Second is it treats people like commodities that can be bought and sold. These are human beings with their own needs and wants. They are also the sought after people so we are competing on a global stage. So here are a few questions that I would want to ask if I was one of them. Can I bring my wife/partner.children. What would be there legal status. Would they be able to work if my pay falls below the immigration threshold? When my children reach majority will they be given the rights as citizens? What are my rights as visa holder compared as a citizen. Am i tied to one employment? Do I have to pay extra for health care, etc. Certainly for many Europeans the answers to those questions will most likely fall far below what they can get in a similar post in the EU
Thirdly, cost to business. Which ever way you couch it, there is bureaucracy involved. If I wanted to hire the brightest band best I still need to convince the home office they fit the criteria. Big companies and universities will be OK, but startups may well find the cost and effort difficult to sustain
Fourth. Who decides who is the brightest and best. Why are some areas not included. Governments have a terrible track record in anticipating present and future needs
Finally. Can someone also be bright and unaware that the UK has become a far right xenophobic cesspit in recent years. It is almost a catch 22 situation - if apply, you are showing you are not bright enough to understand the ramifications
"Yet they could get their trains running again faster than we can now, in the 21st century?"
Steam trains are incredible time consuming to get going. Apart from the effort in cleaning ashes, it takes a long time to bring steam up to pressure. Nor were they particular reliable and when they went wrong, it tended to be a catastrophic failure.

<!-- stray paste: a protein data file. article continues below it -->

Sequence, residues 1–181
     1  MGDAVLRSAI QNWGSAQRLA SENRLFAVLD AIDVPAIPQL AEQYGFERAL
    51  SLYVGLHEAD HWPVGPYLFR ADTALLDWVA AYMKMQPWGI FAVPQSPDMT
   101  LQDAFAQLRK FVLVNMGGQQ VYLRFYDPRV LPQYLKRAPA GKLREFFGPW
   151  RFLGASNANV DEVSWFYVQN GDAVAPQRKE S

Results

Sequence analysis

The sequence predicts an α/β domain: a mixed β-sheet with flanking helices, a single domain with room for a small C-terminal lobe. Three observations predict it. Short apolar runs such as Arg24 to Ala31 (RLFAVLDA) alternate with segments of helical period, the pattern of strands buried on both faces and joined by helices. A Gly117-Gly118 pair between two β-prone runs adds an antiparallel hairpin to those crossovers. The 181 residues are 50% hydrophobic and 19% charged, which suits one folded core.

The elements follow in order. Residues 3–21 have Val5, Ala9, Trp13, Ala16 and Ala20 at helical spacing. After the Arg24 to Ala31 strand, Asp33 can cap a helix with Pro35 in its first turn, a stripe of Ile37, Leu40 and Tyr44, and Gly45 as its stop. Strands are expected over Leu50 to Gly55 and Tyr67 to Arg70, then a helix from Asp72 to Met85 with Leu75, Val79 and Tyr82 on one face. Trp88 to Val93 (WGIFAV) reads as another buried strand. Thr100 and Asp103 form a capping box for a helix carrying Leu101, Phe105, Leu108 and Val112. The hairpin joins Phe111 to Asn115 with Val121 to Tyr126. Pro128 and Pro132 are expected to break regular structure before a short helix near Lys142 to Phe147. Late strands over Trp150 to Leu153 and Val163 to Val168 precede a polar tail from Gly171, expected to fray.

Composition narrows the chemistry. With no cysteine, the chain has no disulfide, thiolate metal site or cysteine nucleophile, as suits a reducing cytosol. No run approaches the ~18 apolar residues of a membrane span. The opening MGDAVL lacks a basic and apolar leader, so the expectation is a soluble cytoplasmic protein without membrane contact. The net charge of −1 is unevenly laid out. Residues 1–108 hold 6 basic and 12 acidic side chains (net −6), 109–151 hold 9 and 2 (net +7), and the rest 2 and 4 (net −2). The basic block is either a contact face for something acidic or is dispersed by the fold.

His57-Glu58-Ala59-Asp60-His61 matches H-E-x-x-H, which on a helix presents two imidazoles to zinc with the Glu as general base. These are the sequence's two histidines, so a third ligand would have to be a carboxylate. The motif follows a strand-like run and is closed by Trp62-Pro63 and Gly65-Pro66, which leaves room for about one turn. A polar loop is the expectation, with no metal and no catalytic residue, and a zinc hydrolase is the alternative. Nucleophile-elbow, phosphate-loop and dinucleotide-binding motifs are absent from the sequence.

It easy to look at rose tinted glasses at the age of steam, but they are inefficient, labour intensive and most of the drivers who drove them for a living were glad to see the back of them
RISC-V Xmas gifts: SiFive emits vector-enabled cores, Western Digital teases new SweRVs, VxWorks hugs ISA, Samsung rolls it into 5G...
Well its nice to see Windriver branching out. Unfortunately when they were owned by Intel, they only seemed interested in Intel x86 architecture so they supported things like ARM and other platforms poorly. However it is clear that Intel have given up in the embedded space, so it left Windriver with no where to go
"yet not a single one of you able to summon an argument for why my post is wrong."
Well, here's one argument. When UKIP was minority party in the European parliament and had no sitting MPs, he was invited consistently, while no other Euro MPs were invited onto the show.
However this is because QT a long time ago stopped become a forum for serious debate and became a mixture of the Jerry Springer show and the Daily Express, where people were invited not so much for there political discourse but as shock jocks. Even the audience is now invited based on not so much a selection of the country, but on who will give the best 1 minute tag line which is why it largely consists of red face 50 year old white blokes complaining about immigrants cluttering up their golf courses
Re: Assange != Journalism
The most significant award was 8 years ago. At that point it was believed Wikileaks was a organisation dedicated to journalistic values. In the subsequent period we have learnt that Assange is primarily concerned about himself even to the point of selectively releasing information to damage certain democratic parties who he has issues against.
Rather than a crusading protector of free speech, he turned out to be a petty demigod only interested only in his own glory, and screw anyone else (sic)
Be careful who you make your heroes
Assange != Journalism
tying Assange to journalism is an insult to journalists everywhere. There are good, honest journalists around the world who are being vilified, suppressed and even arrested. Assange is not one of them, instead he is a parasite that feeds of the ideals of journalistic integrity
Never much liked Eno's music anyway...